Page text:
thumbs_up.gif

SBaker Posted 7 Jan 2011 , 4:50am
post #8 of 46

I always tell my students to price their products so that when at 3 a.m. and they realize they will not get to sleep that night and have to work the next day, they are still happy with what they are doing.....no matter what anyone else is charging.

Annabakescakes Posted 7 Jan 2011 , 4:55am
post #9 of 46
Quote:
Originally Posted by KarisCakes

I don't know much about this, but I think their prices are fair, and I would stick pretty close to what they do. Like you said, you don't want to undercut them. But you can't go to far over them or people won't choose you.




I wouldn't DREAM of going higher than them, lol! My BC base price was $2 last year, the new higher prices are for my overhead once I am legal.
I believe there is a market for everyone in a big city. (Cincinnati) Right across the river (20 miles) there is a cakery that is high end and they are for sale. Apparently it has switched hands in the last 2 years and are now no longer taking cakes, but the previous owner booked every weekend. Base prices were $6 and went up to $12. But i also read that Cinci is bankrupt. But that cakery was really snobbish, and I would like to be friendlier! More approachable and helpful. I guess it could be the prices, but I am not so sure.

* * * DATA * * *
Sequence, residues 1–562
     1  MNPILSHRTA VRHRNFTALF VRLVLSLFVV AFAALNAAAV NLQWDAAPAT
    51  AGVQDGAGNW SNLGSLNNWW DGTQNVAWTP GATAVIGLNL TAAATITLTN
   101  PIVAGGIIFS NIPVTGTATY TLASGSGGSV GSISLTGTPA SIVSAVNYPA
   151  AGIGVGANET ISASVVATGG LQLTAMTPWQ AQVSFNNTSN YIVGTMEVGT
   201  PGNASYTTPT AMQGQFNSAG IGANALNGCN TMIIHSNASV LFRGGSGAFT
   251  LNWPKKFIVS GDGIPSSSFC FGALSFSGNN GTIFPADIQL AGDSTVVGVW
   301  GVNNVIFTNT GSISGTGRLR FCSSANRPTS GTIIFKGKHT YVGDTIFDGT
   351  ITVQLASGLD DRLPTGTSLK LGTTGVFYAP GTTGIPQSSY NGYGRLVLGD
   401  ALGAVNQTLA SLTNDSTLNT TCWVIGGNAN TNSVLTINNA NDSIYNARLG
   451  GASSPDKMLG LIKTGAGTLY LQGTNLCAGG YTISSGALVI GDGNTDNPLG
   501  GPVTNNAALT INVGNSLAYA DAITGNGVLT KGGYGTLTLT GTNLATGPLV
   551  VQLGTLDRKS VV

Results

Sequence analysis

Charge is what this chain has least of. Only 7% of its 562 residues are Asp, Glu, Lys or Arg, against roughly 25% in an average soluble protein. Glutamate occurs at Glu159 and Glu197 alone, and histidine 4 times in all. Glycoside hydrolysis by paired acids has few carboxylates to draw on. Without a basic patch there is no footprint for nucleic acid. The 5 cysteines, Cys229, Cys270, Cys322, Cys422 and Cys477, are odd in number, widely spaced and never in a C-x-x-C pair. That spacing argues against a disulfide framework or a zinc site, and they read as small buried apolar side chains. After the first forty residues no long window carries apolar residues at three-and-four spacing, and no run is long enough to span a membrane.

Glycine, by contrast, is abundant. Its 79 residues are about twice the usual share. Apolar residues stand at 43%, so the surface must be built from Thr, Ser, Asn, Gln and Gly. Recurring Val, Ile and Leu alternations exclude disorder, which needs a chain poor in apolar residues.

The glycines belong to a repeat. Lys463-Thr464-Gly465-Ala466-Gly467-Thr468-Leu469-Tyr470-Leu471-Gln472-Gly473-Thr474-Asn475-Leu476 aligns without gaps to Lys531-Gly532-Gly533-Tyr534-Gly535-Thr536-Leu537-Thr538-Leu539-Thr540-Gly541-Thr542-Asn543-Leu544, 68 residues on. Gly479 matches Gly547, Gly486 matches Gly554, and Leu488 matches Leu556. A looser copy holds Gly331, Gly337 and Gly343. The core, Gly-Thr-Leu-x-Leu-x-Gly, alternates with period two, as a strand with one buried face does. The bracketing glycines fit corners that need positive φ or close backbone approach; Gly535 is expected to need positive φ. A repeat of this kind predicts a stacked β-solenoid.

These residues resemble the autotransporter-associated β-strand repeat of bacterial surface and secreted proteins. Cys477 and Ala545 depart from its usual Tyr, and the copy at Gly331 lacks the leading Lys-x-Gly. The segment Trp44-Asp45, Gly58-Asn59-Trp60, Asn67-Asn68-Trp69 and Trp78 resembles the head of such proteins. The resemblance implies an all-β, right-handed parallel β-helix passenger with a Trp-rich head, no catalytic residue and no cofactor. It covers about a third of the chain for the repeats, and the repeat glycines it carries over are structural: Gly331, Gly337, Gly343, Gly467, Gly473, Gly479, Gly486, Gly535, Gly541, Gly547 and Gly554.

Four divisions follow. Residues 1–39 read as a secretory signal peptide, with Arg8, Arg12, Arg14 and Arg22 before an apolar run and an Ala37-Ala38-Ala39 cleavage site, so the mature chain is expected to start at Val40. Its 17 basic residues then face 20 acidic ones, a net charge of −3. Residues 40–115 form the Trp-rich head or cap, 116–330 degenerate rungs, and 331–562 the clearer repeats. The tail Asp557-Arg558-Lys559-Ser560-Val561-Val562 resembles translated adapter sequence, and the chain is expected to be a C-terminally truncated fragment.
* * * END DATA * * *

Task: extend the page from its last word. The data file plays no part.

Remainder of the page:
KarisCakes Posted 7 Jan 2011 , 5:25am
post #10 of 46

I was actually glad to read this post, because I have been wondering if I was charging a fair amount. I don't charge my the serving because servings vary so much. I think the idea that a 10 inch cake could feed 16-20 people is ridiculous! It sure wouldn't feed that many in my group of friends! LOL! I am a cake mix baker, and I figured out that I spend about $8 for every cake mix I use, so I charge about $20 per cake mix. Therefore a 3 layer fondant decorated cake (like the christmas one I posted today) takes 2.5 cake mixes, and cost $50. I make less money per hour on small cakes, and more on big ones. I have to learn not to spend so much time on little cakes!